Uni worker wants compensation after terror charges dropped
A Sri Lankan man working at a Sydney university is set to sue the state over his "unforgivable" treatment after a terror-related charge against him was withdrawn by prosecutors.
Mohamed Kamer Nilar Nizamdeen is seeking legal costs and compensation after spending four weeks behind bars after being charged with creating a document in connection with preparing for a terrorist act.
The 25-year-old was released on bail on September 28 after spending four weeks behind bars.
A contractor at the University of NSW, he was not present in Sydney's Central Local Court today when prosecutors withdrew the charge.
"What authorities have done to this young man is absolutely unforgivable," his lawyer Moustafa Kheir said outside court.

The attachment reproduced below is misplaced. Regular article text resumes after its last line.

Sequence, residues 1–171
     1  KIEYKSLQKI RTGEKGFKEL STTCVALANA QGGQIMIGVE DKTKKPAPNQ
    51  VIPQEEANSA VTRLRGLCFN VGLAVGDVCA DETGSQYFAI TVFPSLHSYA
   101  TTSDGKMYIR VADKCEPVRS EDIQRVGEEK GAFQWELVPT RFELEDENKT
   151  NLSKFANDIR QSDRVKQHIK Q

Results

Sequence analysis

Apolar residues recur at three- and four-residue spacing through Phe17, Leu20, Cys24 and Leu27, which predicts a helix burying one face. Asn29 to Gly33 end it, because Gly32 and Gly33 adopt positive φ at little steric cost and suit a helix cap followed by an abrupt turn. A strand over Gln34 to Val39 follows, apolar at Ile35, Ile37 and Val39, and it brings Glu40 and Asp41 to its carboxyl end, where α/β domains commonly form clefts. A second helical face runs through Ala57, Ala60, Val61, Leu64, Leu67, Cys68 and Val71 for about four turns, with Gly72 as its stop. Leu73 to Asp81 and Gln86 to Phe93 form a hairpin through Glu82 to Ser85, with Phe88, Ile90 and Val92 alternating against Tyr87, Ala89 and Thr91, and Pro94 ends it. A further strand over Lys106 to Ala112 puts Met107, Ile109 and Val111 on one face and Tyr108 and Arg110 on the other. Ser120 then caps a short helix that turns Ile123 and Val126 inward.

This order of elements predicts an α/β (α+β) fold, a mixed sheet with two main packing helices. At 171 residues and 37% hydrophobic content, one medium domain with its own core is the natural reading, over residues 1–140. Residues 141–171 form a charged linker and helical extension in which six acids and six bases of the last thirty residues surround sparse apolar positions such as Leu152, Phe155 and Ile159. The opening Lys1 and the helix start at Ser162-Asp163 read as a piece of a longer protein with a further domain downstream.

"We will be seeking justice for him in the NSW Supreme Court," he said.
"It's a terrible experience, as a young man who has done everything right in life, he has gone through supermax jail in unforgivable circumstances."
Mr Nizamdeen was arrested by counter-terrorism officers at the university in August after a tip-off from a colleague.
Police said the university worker had found a notebook that allegedly named several locations and individuals as "potential targets".
"They are symbolic locations within Sydney," NSW Police's Detective Acting Superintendent Mick Sheehy told reporters at the time.
AFP Detective Superintendent Michael McTiernan told reporters the charges were "serious and significant, and should not be underestimated".
Mr Nizamdeen was in Australia on a student visa which expired in September.
His supporters and family rallied in the Sri Lankan capital Colombo last month, carrying posters saying the university staff member had been framed.
"Kamer is innocent," one placard read.
His legal costs application is listed for November 23.